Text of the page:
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Issue Date: October 2009


A Natural Fit

Photographer Jeff Biggar brings nature to life with his images.
Matt Beargie, with additional reporting by Brittany Moffat
Photography is not just art or technique for Jeff Biggar — it’s a chance to explore and share the world as he sees it.

Whether it’s a rickety wooden fence engulfed in a field of daisies or horses in midgallop on a dusty path, his photos highlight a slice of the outdoors.

“I’m always looking and seeing subjects maybe a little differently than the average person looking at them,” the photographer says. “I love to capture images that my eyes see as I travel around. I really like to try and see if I can capture them in such a way that they bring life to the subject.”

Biggar will host his first solo exhibit, My Wandering Eyes: Nature as I See It, at the Cleveland Botanical Garden Oct. 16 through Nov. 20. The collection, which will include more than two dozen images captured during the last five years, will be a balance of landscapes and wildlife, Biggar says.

“They’re a diversity of images of keen interest to me and, I hope, of interest to other people,” he says.

One photograph in particular features an almost glowing waterfall cascading behind trees at Ash Cave Falls in Hocking Hills State Park.

“That actually was taken in a light drizzle,” says Biggar. “I find that for a lot of landscapes and particularly waterfalls, I like to use the rain to my advantage, and that’s why you have it looking that way.”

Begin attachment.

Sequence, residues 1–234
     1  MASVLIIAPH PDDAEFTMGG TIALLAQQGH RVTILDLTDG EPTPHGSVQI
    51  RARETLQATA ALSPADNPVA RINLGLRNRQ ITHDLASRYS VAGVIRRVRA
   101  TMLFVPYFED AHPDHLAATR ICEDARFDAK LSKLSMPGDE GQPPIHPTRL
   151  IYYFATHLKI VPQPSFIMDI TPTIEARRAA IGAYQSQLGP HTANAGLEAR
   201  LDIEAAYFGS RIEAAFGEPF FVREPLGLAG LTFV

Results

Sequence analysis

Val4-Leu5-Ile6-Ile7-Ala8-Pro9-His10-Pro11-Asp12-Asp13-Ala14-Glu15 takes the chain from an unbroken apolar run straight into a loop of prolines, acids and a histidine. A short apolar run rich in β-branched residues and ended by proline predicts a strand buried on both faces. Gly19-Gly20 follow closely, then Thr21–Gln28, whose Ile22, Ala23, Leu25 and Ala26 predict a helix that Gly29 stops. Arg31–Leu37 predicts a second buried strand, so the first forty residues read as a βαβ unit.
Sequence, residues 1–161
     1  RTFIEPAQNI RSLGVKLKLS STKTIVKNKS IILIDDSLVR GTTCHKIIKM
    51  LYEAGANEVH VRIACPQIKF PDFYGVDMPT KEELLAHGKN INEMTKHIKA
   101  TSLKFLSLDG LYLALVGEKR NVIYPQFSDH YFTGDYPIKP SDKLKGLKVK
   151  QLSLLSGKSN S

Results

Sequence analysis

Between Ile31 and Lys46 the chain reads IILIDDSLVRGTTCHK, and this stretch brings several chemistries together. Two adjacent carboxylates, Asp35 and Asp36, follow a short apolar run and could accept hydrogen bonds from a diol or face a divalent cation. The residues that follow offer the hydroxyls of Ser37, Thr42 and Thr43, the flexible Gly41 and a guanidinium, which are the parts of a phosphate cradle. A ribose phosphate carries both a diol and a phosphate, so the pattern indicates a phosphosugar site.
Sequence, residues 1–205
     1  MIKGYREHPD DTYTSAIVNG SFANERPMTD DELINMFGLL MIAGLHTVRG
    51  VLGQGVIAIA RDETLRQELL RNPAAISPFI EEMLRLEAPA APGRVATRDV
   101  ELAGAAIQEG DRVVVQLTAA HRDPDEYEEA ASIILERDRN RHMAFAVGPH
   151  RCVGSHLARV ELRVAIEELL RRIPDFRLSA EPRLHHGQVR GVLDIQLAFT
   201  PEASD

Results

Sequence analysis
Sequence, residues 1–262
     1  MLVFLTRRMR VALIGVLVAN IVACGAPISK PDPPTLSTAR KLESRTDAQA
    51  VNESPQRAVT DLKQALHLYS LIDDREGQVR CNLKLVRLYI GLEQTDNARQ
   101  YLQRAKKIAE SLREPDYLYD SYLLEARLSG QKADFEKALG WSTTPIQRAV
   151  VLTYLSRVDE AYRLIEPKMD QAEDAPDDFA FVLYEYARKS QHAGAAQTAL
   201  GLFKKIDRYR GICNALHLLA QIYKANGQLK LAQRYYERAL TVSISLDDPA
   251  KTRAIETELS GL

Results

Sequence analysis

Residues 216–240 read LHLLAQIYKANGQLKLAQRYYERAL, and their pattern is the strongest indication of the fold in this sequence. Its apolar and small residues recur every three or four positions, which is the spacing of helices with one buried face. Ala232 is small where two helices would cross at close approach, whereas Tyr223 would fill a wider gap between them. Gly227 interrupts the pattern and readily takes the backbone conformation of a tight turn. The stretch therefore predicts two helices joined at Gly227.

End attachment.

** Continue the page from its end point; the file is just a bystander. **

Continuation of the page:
His love for photography began at a young age when his father built a darkroom in the family basement.

“He taught us the art of black and white photography and how to develop our own negatives and how to print black and white prints,” says Biggar. “I enjoyed taking a tool — a camera — and seeing what images I could make.”

Though he spent 33 years working for National City Bank, the search for patterns, textures and colors best seen at the break or close of day remained a strong hobby. Biggar never thought of taking on photography as a vocation for fear it would lose its appeal.

“I always wanted it to be something where it was just a passion that I could do when I wanted,” says Biggar. “Not something that every day I had to think about it and go do something.”

But after retiring three and a half years ago, Biggar used his newly found free time to pursue his passion. He also stepped up his involvement with nonprofits such as the Cleveland Botanical Garden, where he will become president of the board of trustees in January.

“I just love going down there and exploring with my camera both indoors and outdoors and various exhibitions,” he says. “So it’s a perfect blend of my photography interest with my civic community interest to try and help.”

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